Why write your own language?

I recently wrote own little lisp implementation. Sometimes when I mention that, I get question “why did you do such a thing?” as a reply. My standard reply is “because some radio amateurs build their own radios”. I think the explanation sums up my reasons particularly well (probably much better than I initially thought even).

Getting the interpreter up and going was relatively simple and took only a couple evenings in the weekend. Even with such a short project, I learned a ton of things: how string is read and tokenized and eventually formed into a syntax tree, how that tree is then executed in a given environment, possibly resulting a new environment, how eval and apply relate to each other and so on. All these things that are behind pretty much every programming language and that I have been taking for granted for all these years.

It’s certainly true that apocrita isn’t anything special. There are tons of good lisp implementations out there that I could have chosen from. It doesn’t add any fancy features (although I have some ideas that I would like to try out in the future, just to better learn the mechanics behind them) either. But it did give me insight on what’s going on uneder the hood and satisfied a little of certain curiosity (I’m sure plenty of people like me liked taking things apart as kid to see what’s inside).

And it’s just exhilarating too write something completely new to myself, wrestle with the details a bit and then get it working. Programming certainly isn’t magic, but sometimes it certainly looks like it.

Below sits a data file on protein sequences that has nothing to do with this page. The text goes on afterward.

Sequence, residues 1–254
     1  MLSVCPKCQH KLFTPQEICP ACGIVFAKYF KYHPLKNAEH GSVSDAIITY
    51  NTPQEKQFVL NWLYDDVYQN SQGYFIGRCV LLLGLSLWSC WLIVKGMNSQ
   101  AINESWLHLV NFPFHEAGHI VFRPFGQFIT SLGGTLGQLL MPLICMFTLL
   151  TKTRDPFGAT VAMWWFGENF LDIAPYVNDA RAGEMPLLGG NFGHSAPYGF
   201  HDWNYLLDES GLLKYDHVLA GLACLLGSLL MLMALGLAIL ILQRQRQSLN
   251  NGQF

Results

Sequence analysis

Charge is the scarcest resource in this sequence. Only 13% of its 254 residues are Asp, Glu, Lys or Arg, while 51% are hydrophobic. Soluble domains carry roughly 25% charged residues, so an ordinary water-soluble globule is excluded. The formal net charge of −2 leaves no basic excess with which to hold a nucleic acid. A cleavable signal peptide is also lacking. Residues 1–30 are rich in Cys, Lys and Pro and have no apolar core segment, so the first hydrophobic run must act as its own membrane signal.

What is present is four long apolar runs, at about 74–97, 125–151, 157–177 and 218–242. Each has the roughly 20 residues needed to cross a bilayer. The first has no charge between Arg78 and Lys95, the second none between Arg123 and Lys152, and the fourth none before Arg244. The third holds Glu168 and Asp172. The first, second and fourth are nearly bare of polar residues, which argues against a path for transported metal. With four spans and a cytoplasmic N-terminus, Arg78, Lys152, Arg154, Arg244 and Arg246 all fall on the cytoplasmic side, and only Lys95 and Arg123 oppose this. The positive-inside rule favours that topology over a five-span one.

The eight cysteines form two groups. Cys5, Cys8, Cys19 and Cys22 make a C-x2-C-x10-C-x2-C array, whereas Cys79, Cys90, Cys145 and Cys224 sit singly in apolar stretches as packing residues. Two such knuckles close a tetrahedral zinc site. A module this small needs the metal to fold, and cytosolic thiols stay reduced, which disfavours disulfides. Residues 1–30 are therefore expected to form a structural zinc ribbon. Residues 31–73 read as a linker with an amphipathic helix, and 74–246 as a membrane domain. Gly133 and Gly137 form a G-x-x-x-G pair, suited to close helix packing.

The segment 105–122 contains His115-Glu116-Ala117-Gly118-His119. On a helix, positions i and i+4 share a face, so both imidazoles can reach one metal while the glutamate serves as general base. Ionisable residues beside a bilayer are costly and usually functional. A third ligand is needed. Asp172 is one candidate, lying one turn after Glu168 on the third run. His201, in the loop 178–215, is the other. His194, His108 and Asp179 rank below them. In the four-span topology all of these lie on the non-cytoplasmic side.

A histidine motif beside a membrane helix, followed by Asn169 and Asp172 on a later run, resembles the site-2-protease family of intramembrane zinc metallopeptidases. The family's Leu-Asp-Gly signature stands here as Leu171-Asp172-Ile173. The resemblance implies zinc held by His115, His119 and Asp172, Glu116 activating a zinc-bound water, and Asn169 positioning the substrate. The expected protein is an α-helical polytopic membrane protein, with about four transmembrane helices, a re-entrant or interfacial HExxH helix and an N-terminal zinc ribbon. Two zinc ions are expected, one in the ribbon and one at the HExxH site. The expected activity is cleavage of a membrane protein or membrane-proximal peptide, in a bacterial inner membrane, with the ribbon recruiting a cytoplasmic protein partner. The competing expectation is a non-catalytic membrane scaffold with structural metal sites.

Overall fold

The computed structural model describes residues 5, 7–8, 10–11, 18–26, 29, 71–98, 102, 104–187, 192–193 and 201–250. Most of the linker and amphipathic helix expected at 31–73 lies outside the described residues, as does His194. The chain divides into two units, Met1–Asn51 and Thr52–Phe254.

2 thoughts on “Why write your own language?

  1. Eight years ago, I wrote a tutorial on how to make your own programmer language. In part one, Motivations, I mentioned three reasons: because it’s fun, instructional, and potentially useful. Because you’re not just giving commands, but teaching the computer how to understand them in the first place. Because that gives you a better understanding of the big, serious programming languages you use day-to-day — too many programmers think compilers are magical, and that’s a terrible mentality. And last but not least, because small languages are everywhere, even in things we normally label as data, and understanding that can help us consciously design your own when needed.

    I never wrote a sequel, to my regret. But I did write other interpreters and compilers, learning more all the time. And I discovered surprising truths about things we take for granted in software development.

    • I read through your blog postings about scratch and played a bit with the online interpreter. That’s a really nice idea, because I could read about how the language was implemented and test out things at the same time. I agree with you that by writing an interpreter or compiler, one gets really intimate with computers and learns quite a deal of new things about them and software development.

      For me the biggest thing I learned was how relatively simple writing a language is (at least when you don’t have to design it). It doesn’t take much to get it to the point where one can start writing new things with it, wrap them into nice boxes and give meaningful names to them. And then repeat that again and again in order to build more complex thing. And all that rises from a simple core.

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